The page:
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When it comes to Artificial Intelligence, I have a certain scepticism. What follows is not original, other people have said the same, it’s just how my mind decided to formulate it last night: you can represent a neuron as a switch, a switch with values between 1 and 0, and you can combine these into a network and that network can produce results that are similar to the mind’s operation—yet it’s not the same as the mind’s operation, even if it’s faster than the mind’s operation.


We could say a horse is like a model of walking, except faster—we domesticate the horse, that’s a technology, and then we can travel faster than on foot. Yet to be on horse is not to be on foot—in the same way, AI is not “intelligence”, nor is it “thought” (I’d say “intelligence” is the ability to solve problems, thought is the ability to reflect on problems—perhaps characterised by an interplay between two sides with a “middle judge” in between).


So AI is like a horse—or, perhaps, Babbage’s engine was like a horse and the ENIGMA machine was a train and today’s computers are cars. Anyway, it gets you from A to B faster than on foot—and yet to achieve that result it cuts a lot out. Technology tends to shrink space (itself related to time)—so man always travelled all around the world (it’s a misconception he didn’t) but what changed over history was the time he did it in, so that in about 1700 it took up to a year to get round the world and today it can take less than a day. Yet man always moved round the world.


Yet you trade quality and independence for speed. The disadvantage with a train, car, or plane (or even a horse) is that you are constrained. The train has to go down the rails at a certain time—it doesn’t just stop for your convenience, same goes for the car (to a lesser extent); and even the horse has certain requirements to be fulfilled (he needs his oats). On foot, if you want to just wander off the path and look at an oak you can—nothing easier (impossible on a train or a plane—and, in the car, you drive past the oak before you want to stop). So to travel on foot provides great flexibility—though it trades speed for flexibility.


Sentimental conservatives might say, “And that’s why we need to walk more, because we’ve forgotten that trees are important—just to be with a tree is important, just to feel the broad oak’s girth between your hands…”. Well, I don’t want to be sentimental—let’s be practical, what if there’s some discovery to be made, some curative herb, beneath the tree? You never see it because you zip past in a car or a train. It doesn’t just have to be a sentimental paean to nature—when you move at speed you miss things that might be useful to you. Hence technology can cut off “advance”, since you’re literally “on the tracks”—the rail tracks, the motorway tracks, the AI tracks…


It’s why technology tends to be fragile—there’s nothing more anti-fragile than an old path that has been trod for centuries (like the Camino Santiago de Compostela—the pilgrimage route). Yet there are many abandoned railroad tracks, even abandoned roads built for cars (and abandoned airports and cosmodromes). Technology tends towards fragility—it’s fast but fragile. To continue the analogy, there are narrow alleys you can go down on foot that you can’t take a horse down—same with AI, there are paths it will never be able to go down, because it is not a one-to-one replication of intelligence.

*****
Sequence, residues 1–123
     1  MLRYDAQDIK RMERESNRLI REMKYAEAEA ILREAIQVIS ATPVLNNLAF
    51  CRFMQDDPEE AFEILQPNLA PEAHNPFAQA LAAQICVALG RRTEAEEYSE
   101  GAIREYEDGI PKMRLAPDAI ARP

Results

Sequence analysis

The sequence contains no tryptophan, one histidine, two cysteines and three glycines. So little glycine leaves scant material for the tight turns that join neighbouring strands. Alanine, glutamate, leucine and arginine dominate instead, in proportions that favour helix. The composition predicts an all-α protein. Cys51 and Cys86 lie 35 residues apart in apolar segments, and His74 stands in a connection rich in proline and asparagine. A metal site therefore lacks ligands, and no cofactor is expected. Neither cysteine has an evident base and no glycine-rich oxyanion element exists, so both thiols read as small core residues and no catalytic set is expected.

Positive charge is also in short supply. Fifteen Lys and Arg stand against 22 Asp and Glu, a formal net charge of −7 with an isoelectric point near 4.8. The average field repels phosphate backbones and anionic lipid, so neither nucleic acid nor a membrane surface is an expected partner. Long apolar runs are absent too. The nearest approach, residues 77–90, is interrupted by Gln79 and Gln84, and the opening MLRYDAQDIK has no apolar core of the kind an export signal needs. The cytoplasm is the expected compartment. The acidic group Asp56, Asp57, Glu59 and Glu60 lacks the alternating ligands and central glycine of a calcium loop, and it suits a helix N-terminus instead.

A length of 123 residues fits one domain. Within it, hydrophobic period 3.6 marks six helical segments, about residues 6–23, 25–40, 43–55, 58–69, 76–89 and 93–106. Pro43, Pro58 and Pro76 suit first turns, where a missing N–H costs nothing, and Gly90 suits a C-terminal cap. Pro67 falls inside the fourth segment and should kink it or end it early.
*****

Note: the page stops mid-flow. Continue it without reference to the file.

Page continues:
Analogies can mislead—perhaps AI can do much more than a “horse”, perhaps it will be much more like walking than a horse is (if you get my drift); perhaps it will out-compete humans in another dimension, perhaps the differences will be irrelevant—I don’t know. However, the general tendency with technology is to speed up certain human activities, reduce quality, reduce options (in certain respects with regards to autonomy), and also to be fragile to disruption. So if thought in the future is AI then it will be very fast, very narrow, and very vulnerable.


Technology makes people lazy as well. When people get self-driving cars it will be a novelty for a bit, but they’ll be playing video games in their car to work in the end (as if you didn’t play video games enough already). Further, I’m not sure if this has happened yet, though it will if it hasn’t, but people will just sit in their self-driven cars and masturbate to pornography and/or shoot porno in the car—because you can, because when technology makes things easy people get lazy and then they look for titillation.


You already see with ChatGPT that people ask the most asinine questions to the machine that they could answer themselves—because it’s already made them lazy, even though the progress of the technology requires people to be inquisitive (even to utilise it to its full potential). It also runs people along lines, just like motorways run people along lines—“the machine says it, so…”


So I don’t think AI will replicate every aspect of human intelligence, it might replicate enough to destroy us—but, if it doesn’t do so, it’s not a full replacement; and it’s not “better”, because like all technology it will constrain options, degrade quality, and reduce inquisitiveness. Finally, there’s no indication that AI has consciousness—I understand ChatGPT has the same intelligence as a lab rat, but I see no sign it has the same independence of action as a lab rat; and if it doesn’t have it now, it seems unlikely it will suddenly “become conscious” at 100 IQ or 140 IQ. Because intelligence isn’t consciousness—and consciousness is the means by which to direct intelligence.

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